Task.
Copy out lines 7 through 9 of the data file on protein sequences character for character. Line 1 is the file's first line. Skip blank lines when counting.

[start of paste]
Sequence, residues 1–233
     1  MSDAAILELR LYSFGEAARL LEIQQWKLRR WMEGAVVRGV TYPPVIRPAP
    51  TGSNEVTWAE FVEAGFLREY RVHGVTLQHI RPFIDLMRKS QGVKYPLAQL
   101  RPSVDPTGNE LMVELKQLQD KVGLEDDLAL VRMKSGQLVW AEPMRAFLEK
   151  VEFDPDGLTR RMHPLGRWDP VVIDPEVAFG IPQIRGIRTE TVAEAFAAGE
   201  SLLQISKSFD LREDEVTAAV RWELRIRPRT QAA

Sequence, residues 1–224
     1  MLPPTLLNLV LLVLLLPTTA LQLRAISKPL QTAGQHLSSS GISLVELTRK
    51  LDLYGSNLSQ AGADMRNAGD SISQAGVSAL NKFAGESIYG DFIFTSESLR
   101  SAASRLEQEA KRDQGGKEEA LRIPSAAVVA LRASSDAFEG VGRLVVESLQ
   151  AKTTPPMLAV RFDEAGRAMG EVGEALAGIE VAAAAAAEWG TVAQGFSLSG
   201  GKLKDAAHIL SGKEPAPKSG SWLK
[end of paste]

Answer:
Sequence, residues 1–224
     1  MLPPTLLNLV LLVLLLPTTA LQLRAISKPL QTAGQHLSSS GISLVELTRK
    51  LDLYGSNLSQ AGADMRNAGD SISQAGVSAL NKFAGESIYG DFIFTSESLR